The Wall Street JournalJosh Barbanel
Sept. 27, 2017
Apartment, condo sales listed above $10 million fell in latest quarter, but demand for ‘affordable luxury’ continues
Manhattan’s “ultraluxury” residential market—apartments priced at $10 million or more—stumbled in the third quarter while sales strengthened among lower-priced, albeit still expensive, properties.
An analysis by The Wall Street Journal found that overall Manhattan sales picked up in the third quarter following a steep slowdown during the same quarter last year—a time, brokers said, when many potential buyers were caught up in the uncertainties of the presidential election and held off on purchases.
The number of sales rose 14% from the third quarter of 2016, but were still 4.3% below the same quarter in 2015.
Sales were up the most, by 23% for apartments that sold for $1 million to $4 million, a category marketers have taken to calling “affordable luxury.” The number of sales for $10 million or more fell by 25%.
After a run-up in asking prices in 2014 and 2015, sales slowed last year, especially at the high end. Since then, the Manhattan apartment market has been in a period of price correction, with substantial price cuts on many listings and discounts on new buildings, brokers said.
“There has been a correction in prices and that had to happen,” said Eddie Shapiro, founder and chief executive of Nest Seekers International, a New York-based brokerage.
But the price reductions have brought about renewed interest from buyers, he said, especially in the past few weeks, despite the continuing sticker shock of high apartment prices.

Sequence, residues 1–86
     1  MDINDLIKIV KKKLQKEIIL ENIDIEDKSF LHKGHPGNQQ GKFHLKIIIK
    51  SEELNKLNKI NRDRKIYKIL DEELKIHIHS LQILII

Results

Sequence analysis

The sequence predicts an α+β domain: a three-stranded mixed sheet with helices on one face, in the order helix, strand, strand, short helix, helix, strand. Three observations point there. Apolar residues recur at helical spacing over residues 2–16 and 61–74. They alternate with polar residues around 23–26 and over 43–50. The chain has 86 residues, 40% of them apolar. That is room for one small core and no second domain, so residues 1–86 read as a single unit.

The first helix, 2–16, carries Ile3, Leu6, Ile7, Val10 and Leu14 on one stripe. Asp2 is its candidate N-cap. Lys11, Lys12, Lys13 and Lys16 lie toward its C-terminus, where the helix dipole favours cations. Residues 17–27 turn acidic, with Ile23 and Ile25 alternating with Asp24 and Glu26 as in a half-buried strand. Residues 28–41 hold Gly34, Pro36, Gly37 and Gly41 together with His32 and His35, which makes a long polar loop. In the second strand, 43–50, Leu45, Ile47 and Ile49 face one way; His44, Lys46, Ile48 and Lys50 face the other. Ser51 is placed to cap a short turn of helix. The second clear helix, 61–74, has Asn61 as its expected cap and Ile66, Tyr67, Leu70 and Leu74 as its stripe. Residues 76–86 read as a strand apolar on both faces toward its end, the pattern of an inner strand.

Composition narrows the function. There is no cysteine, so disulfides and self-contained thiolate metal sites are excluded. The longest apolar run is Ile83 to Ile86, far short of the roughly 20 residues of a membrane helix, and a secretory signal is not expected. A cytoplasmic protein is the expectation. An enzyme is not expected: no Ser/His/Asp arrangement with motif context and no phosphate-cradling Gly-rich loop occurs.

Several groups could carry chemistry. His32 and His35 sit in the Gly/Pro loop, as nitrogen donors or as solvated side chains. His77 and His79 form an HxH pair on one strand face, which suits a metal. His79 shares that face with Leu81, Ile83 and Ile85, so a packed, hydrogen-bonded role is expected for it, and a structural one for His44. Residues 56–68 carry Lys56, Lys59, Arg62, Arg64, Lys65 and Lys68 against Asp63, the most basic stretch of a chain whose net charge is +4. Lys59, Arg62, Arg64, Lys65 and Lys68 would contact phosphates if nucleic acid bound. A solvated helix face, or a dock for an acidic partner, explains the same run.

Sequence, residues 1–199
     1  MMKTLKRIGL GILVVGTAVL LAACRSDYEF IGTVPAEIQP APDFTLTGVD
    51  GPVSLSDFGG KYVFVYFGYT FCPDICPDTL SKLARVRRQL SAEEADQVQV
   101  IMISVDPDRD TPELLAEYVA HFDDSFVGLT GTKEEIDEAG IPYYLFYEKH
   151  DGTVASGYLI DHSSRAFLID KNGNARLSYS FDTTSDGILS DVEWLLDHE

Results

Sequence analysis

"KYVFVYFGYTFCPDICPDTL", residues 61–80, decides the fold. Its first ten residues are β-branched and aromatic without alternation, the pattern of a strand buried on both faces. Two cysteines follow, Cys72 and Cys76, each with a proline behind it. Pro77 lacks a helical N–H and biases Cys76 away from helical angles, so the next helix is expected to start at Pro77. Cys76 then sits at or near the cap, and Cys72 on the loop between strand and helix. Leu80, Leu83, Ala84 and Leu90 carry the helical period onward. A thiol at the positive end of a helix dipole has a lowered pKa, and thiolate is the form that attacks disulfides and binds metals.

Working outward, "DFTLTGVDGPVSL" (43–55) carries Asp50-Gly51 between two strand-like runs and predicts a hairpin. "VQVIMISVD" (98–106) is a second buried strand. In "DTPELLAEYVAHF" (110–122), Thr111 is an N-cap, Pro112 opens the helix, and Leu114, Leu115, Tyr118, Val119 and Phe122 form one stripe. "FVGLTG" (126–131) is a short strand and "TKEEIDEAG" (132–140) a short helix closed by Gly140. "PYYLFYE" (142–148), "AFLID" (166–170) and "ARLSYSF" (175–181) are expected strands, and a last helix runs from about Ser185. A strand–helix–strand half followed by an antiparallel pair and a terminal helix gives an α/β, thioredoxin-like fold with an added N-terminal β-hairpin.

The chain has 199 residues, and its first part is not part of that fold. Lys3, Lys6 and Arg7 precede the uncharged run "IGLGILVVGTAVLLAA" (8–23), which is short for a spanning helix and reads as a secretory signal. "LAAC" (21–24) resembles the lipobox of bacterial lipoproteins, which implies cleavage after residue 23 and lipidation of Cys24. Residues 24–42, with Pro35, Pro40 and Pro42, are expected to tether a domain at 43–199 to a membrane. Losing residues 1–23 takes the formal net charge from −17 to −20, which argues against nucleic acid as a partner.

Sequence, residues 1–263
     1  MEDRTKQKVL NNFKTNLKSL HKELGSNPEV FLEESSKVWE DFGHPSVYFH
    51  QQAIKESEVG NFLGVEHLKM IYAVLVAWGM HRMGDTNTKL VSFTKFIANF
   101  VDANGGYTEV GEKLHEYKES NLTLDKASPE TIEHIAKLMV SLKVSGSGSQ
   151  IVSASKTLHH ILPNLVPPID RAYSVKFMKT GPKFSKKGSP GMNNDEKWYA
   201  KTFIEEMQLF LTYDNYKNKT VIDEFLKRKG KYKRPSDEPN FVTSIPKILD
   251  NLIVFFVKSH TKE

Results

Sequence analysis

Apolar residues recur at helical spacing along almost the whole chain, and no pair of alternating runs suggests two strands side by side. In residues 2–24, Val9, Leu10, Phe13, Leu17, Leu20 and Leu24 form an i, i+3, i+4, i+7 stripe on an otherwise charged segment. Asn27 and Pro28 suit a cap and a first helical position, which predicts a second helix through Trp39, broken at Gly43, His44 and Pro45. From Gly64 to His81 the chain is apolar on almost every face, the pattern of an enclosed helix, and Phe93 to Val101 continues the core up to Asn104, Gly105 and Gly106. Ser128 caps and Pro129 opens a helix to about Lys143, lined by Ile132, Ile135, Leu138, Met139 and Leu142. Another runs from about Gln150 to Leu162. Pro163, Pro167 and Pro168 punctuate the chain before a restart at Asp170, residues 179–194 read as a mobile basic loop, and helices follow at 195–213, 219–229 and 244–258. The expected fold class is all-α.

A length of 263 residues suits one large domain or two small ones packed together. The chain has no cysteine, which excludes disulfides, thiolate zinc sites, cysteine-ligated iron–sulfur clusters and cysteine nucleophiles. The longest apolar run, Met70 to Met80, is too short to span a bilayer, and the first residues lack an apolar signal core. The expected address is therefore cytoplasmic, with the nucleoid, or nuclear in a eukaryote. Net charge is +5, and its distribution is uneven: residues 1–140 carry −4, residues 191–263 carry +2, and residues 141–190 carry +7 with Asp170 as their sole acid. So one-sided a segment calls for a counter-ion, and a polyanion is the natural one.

“People are saying prices are now ridiculous, but not as obscene as they were a year ago, and there is room to negotiate,” Mr. Shapiro said.
During the third quarter, the median apartment price of $1.15 million was down 3.6% from the second quarter but was up by almost 11% from the third quarter in 2016.
The quarter marked a slowdown in closings at the most expensive new condominiums, such as 432 Park Ave., the city’s tallest residential building, along with a surge in sales of lower-priced apartments in other new and converted buildings.
The shift produced a decline of 24% in the median price of a new condominiums in the third quarter from the same period last year, when a record was set for new-development sale prices.
The Wall Street Journal analysis is based on sales filed with the city’s Department of Finance through Sept. 22.
The priciest transaction for the quarter was the sale of a 16-room triplex penthouse atop the Pierre Hotel on Fifth Avenue and East 61st Street for $44 million. It was listed for $125 million in 2013, but the seller trimmed the asking price several times.
Although the quarterly statistics include a $37.7 million sale at 432 Park Ave., the new developments during the quarter were dominated by closings at more modest buildings like 389 East 89th St. in Yorkville, a conversion of a 31-story rental building near First Avenue that is described itself as providing “condominium ownership within reach.”
The 49 condos that closed during the quarter on East 89th Street had a median price of $1.84 million, or $1,631 a square foot.
At the Style, a new condo development in East Harlem there were 17 closings with an average price $449,000, including many studios at an average price of $1,005 a square foot.
“A lot of the super lux properties have closed already,” said Leonard Steinberg, president of Compass, a New York-based brokerage. “Now you have attainable luxury closing.”
He said the market is focused on the category of “affordable luxury,” in which buyers are driven by the need buy rather than by the desires that drive many trophy buyers.
“I hate to call it affordable, but affordable luxury in Manhattan is where people have a need to buy because there is a need for shelter, or because it compares favorably to the cost of renting,” he said. “When you are looking at $10 million to $15 million to $30 million, that is not a need but a want.”
The strong demand for lower-priced apartments has driven up demand and prices for co-ops, which typically sell at a discount to prices on similar condominiums. Co-op sales rose more than condo sales, and co-op prices rose to $835,000, up 6% from the same quarter in 2016 and up 1.2% from the second quarter of 2017.
The median condo price in the third quarter was $1.7 million, up 4.6% from the third quarter last year, but down 4.5% from the second quarter.